Oct 22, 2019
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Visual Overload: Staying Relevant in a Social Media Age

As a young aspiring artist how does one keep pace and stay relevant in a culture saturated in visual imagery?  

    With the impacts of social media only beginning to set in and be understood, how can an individual and their work rise above and have a lasting impact?  

    Does one take a nihilistic approach and simply drop out of the rat race entirely or do they double down with their already taxed efforts?

    The dissemination of information continues to increase at a rate that is dizzying and threatens to alter the framework of which we analyze information.  Is it possible that are very brains are being rewired to be able to focus for shorter and shorter time frames but yet take in more and more information on a more superficial level?  What ramifications does this have for our ability to understand and conceptualize more complex ideas?  

    This is an interesting phenomenon to note since much of the current art world revolves around very lofty, conceptual pieces that require viewers to linger and sit with the art.  This has also extended into most art schools, especially graduate programs.  There is a heavy emphasis on content and much less on the visual than most people would assume.  When the rest of the world seems to be speeding faster and faster in the opposite direction it’s a nice change of pace.  One of the problems inherent here is that gallery space is such a limited commodity while the internet on the other hand and all its various outcroppings, offer a chance to show the world your work.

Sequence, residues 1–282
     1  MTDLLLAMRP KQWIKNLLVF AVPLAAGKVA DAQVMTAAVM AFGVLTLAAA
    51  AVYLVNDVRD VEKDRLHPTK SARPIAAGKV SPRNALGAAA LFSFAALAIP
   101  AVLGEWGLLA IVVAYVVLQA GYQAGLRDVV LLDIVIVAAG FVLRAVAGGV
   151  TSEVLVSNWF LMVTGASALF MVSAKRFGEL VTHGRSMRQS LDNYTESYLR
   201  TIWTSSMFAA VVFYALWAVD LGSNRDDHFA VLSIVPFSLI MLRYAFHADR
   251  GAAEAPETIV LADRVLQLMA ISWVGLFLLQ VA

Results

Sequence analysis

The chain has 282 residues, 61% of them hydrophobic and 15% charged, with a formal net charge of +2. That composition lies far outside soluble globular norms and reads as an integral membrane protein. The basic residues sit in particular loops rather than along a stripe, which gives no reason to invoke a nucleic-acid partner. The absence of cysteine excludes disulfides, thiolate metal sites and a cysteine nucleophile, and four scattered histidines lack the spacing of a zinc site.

This is at the heart of the issue, do you as an artist do the work strictly for galleries which tend to want a certain, very specific kind of work or do you create art that is much more kitchey, eye candy.  

    After giving it much thought I’ve come to the conclusion that one of the ways that art has been successful in the past is to offer a succinct social commentary or analysis of the current technological landscape.  So instead of whining about the current issue of staying relevant maybe simply making a piece of art addressing the very topic of relevance will take care of itself.

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